FIRST IN A SERIES
I am a final year lingerie design student at De Montfort University in Leicester, England, one of a very few universities in the world to offer a degree specializing in the construction and design of lingerie.
The Contour Fashion bachelor’s degree program, established in 1947, offered a new route for final year students to take this year. Instead of the traditional aesthetic route, in which students create a capsule collection consisting of six outfits and a chance of a spot on the final runway show, the program offered a new technical route that focuses on product innovation. Students who chose this specialty are required to create and develop a niche lingerie product, with a presentation to a panel of industry experts.
I jumped at the chance to follow the technical route as soon as it was mentioned. My project: taking on the challenge of a creating DD+ size strapless bra — attempting to defy gravity.
Whilst a few people not-so-jokingly advised that this was “impossible,” for me, underwear has always been about more than merely “cushion covers.” Underwear lies closest to the skin, it forms the foundation of far more than an outfit; I believe a gorgeous set of custom fitting underwear can transform a woman’s life.
The inspiration for my final collection comes from lights and lightness. Exploring Paris while visiting the Interfilière and Moda lingerie trade shows, I was drawn to the beautiful lights of the city: from the candles full of memories flickering inside the Sacre Coeur, to the art nouveau lampposts along the Seine.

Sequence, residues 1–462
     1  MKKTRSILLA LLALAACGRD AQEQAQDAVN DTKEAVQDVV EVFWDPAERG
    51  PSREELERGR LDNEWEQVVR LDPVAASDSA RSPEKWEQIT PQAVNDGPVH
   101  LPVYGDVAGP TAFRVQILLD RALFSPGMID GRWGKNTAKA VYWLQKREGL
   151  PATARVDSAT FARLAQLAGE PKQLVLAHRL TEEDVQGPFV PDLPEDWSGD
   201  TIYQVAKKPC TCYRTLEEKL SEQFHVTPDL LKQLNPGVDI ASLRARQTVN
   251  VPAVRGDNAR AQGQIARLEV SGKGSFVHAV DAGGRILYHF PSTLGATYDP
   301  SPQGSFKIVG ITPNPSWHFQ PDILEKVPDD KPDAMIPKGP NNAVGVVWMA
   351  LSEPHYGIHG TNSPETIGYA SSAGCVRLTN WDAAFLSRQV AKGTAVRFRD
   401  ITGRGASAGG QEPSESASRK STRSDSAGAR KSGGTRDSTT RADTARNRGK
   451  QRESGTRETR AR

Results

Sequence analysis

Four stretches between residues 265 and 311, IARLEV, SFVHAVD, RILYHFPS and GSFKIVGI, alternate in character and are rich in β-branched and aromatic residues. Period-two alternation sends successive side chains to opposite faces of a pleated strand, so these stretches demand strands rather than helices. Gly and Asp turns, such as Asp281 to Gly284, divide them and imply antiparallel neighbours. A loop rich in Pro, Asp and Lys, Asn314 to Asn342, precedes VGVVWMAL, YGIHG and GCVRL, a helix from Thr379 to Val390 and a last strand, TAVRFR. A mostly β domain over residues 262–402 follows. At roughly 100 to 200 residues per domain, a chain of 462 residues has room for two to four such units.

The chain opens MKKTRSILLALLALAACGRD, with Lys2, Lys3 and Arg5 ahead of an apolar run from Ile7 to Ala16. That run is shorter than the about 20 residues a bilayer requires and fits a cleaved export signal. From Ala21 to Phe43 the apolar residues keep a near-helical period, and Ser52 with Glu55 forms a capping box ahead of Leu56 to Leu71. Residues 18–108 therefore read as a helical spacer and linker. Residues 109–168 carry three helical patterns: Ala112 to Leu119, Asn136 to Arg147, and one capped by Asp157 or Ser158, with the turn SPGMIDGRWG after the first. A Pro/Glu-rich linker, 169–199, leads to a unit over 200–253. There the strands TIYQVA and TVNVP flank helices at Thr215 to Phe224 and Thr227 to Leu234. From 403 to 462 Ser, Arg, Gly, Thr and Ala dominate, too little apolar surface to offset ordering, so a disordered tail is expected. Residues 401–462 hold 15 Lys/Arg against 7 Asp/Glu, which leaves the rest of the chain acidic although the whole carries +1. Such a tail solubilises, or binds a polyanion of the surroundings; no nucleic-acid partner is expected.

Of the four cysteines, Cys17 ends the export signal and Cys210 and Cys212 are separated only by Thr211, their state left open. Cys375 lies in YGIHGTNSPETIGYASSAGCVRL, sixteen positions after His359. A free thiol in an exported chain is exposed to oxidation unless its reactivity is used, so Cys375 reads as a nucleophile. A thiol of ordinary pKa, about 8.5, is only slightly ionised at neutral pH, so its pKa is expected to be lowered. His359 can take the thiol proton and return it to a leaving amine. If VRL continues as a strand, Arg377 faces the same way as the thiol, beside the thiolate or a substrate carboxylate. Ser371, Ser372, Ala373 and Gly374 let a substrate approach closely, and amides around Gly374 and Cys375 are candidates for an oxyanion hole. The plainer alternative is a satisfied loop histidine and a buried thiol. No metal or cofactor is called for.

I visited lantern exhibitions in Manchester; drew Gothic lampposts on the streets of London; dug out photographs of Chinese lanterns from my travels. The more I looked into them the more I realized the concept of “Lights” complimented the technical aspect of my project.
The tutors push us to think outside the box when it comes to collection inspiration and will ruthlessly shoot down ideas which don’t have enough depth or originality. Their focus is on primary research: if you can see it, smell it and feel it, you can draw it and draw inspiration from it. This push for originality is one of the best parts about university: allowing your imagination to create “blue sky” designs, without the constraints we know we will face when entering industry.
A large part of the final collection marks are allocated to market research: the practical side and the realistic implications of our designs and where they might succeed in the lingerie market. Designers, catwalks, high street retailers, boutiques, online suppliers, trend analysis, financial figures , selling statistics, media and even celebrity culture need to be digested and the gap in the market for your product justified. It is important not to dampen your creativity with this information, rather use it to your advantage to give your product a sense of realism outside of university walls.